Damian Walther is the out gay founder and CEO of spoon, (yes, “spoon,” with a lowercase “s”), a new meal delivery service that launched the first week in December. The company provides healthy, balanced and tasty meals a la carte.
When Walther was in college — at Philadelphia University, now Thomas Jefferson — he took medication for Crohn’s disease that did not make him want to eat much. After talking to a doctor who suggested exercise and a very strict diet, Walther spent three years working out and learning what he could eat — and what his body could tolerate.
He recalled, “I kept a food journal every day. I [wrote] about how my body responded to certain ingredients and certain nutrients. I was eating chicken, eggs, brown rice and sweet potatoes for three years to monitor how my body responded. Through that, I became very passionate about nutrition and fitness.”
Meals from spoon are prepared as either lean, balanced or bulk, depending on one’s goal. “I want to get away from the stigma of a diet and offer a balanced meal,” Walther explained in a recent interview. “We offer perfectly-portioned meals with protein, carbs and vegetables that are low on fat. They allow you to understand what a well-balanced 300-500 calorie meal does — and feels like to — your body.”
Walther started doing personal training in 2012 and eventually joined the team at OrangeTheory Fitness, opening a studio for the company in Blue Bell in 2014. He worked as a head coach and studio manager, but after opening spoon, he now only coaches part-time. It was his experience with fitness and monitoring food that inspired him to create spoon.
“I had empathy for people who were struggling with not knowing what to do. I know that from being a personal trainer,” he acknowledged. “I realized as a coach, people are working out really, really hard, six days a week and not seeing the results they want. They are either eating too much or too little or not eating the right things. They need the fuel and need the carbs — but they are scared of carbs. I don’t think people understand what carbs can do for the workout and the weight loss and muscle gain process. People also need to understand caloric deficit. If there is too much of a caloric deficit, the body goes into ‘starvation mode’ and begins to store all the nutrients it gets over time.”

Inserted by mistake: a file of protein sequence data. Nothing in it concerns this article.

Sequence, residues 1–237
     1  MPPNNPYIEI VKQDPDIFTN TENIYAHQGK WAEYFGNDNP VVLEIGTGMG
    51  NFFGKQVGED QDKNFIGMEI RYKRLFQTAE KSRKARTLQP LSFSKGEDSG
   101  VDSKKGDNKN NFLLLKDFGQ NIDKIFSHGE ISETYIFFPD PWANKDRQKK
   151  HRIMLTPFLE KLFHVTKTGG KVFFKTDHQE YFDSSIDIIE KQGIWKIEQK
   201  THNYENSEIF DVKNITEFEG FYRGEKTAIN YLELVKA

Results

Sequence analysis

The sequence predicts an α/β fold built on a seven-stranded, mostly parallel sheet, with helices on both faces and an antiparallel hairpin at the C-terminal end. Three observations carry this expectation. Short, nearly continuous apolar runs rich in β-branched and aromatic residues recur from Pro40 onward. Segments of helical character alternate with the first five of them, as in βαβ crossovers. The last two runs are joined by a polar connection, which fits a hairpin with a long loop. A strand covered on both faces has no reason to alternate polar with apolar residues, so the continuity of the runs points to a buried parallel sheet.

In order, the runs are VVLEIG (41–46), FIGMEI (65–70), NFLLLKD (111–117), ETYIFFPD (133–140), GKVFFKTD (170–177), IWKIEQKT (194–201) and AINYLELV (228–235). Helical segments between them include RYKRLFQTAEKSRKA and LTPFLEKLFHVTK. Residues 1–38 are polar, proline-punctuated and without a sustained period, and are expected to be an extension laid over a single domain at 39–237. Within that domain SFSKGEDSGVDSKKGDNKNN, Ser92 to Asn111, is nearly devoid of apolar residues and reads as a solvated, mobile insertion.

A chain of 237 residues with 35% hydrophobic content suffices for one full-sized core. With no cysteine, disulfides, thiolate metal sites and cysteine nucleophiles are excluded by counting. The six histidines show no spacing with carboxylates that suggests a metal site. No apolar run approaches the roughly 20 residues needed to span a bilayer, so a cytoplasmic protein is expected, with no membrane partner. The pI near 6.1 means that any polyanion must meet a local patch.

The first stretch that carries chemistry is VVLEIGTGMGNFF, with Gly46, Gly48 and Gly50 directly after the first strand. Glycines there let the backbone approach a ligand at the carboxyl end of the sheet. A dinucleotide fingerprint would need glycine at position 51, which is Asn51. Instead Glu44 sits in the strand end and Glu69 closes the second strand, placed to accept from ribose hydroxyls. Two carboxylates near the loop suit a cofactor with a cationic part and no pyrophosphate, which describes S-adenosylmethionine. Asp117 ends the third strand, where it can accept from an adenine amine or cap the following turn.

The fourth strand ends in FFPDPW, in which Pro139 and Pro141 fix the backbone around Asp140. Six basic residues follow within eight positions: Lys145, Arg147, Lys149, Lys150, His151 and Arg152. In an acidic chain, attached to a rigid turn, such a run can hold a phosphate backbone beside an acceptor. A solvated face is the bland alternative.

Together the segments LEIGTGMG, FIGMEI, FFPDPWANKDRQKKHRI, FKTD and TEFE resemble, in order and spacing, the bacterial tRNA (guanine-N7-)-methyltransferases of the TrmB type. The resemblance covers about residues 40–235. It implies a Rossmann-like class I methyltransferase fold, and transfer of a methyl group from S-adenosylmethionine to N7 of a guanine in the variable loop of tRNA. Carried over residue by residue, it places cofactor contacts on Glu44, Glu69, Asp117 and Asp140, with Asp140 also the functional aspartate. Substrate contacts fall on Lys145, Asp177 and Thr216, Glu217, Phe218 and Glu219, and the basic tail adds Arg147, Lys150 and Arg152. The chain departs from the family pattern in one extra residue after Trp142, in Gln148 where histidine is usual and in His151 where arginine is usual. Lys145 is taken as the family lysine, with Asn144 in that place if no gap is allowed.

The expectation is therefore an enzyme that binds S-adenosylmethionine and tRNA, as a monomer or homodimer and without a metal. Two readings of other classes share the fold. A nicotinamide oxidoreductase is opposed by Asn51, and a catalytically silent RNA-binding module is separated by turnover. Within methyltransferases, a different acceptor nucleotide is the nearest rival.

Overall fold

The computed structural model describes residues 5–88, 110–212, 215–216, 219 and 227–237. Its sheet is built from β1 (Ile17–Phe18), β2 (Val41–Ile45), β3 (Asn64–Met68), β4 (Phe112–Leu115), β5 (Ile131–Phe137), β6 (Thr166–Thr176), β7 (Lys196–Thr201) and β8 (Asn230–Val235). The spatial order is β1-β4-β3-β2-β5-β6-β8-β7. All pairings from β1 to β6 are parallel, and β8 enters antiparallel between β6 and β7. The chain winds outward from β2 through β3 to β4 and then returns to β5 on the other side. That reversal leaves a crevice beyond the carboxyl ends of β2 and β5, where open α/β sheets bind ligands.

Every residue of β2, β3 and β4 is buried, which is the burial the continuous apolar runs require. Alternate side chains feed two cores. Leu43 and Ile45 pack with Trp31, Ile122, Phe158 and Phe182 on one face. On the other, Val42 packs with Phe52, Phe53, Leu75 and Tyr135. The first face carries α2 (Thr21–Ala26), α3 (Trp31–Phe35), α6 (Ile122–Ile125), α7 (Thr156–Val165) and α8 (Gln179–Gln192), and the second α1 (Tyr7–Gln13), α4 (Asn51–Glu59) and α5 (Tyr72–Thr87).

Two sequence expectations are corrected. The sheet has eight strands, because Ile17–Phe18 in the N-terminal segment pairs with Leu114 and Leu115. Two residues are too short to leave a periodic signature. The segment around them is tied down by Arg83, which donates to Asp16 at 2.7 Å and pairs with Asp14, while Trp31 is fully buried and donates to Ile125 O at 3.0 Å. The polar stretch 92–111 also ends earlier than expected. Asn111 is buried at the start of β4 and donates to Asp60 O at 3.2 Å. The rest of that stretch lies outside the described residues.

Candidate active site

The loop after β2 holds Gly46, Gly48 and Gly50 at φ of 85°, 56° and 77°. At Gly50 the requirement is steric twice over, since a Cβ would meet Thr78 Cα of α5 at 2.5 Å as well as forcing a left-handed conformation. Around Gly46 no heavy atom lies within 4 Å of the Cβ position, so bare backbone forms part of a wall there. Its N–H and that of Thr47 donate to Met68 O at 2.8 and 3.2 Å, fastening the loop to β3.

The customized meals available from spoon range from veggie and cheese breakfast omelets, to turkey lasagna, fish tacos, and Dijon salmon — all foods one could order from a favorite restaurant. They are prepared with sides, such as a cup of brown rice and a cup of sweet potatoes, with the side portions varying depending on the meal selection.
Moreover, spoon offers snacks such as a gluten-free and dairy-free “protein donut” which is made with vegan protein, a little bit of almond milk, and egg whites. The donut is baked, not fried, and contains 80 calories, 10 grams of protein and 1 gram of carbs. And it’s delicious. It not only satisfies a sweet tooth, but it provides a healthy snack after a workout.
Walther observed, “Mentally people can think, ‘I treated myself,’ but it’s a healthy fix.”
When it comes to eating and exercise, the mindset is very important. Walther’s strategy with spoon is to focus on one week at a time. He insisted, “You create a 30-day plan, but I want people to think in chunks, and work a week at a time. You have to be consistent week after week, not just do this for one meal. It’s changing the mentality around eating and around the focus you have when you set up your weekly plan for success. Commit to doing good this week. Your body and effort are going to change. ...Your stomach starts to shrink or expand based on what your goals are, you’re going to be less hungry, or more hungry.”
The food from spoon is cooked fresh and delivered to be consumed within a week. There is no startup fee or subscription cost, only a $10 delivery charge. Folks can order as much or as little as they like, and the menu is expected to change every two weeks. Delivery is available in Philadelphia, Montgomery, Bucks and Delaware counties as well as in Camden, Gloucester and Burlington counties in New Jersey.
But perhaps Walther’s greatest delivery so far has been to help feed the homeless in Philadelphia. He, along with his husband, Adam, an executive at Jefferson Health, and their 5-year-old daughter Harper, served 300 hot spaghetti and meatball meals to Project Home in North Philadelphia and the Station House Transitional Shelter on Broad Street. “We drove around and handed out hot food, and folks were so appreciative,” he effused.
Walther is also grateful to his husband, Adam, for being supportive and giving him the push to start spoon from scratch. Hopefully, the company will continue to grow and help people eat healthier.
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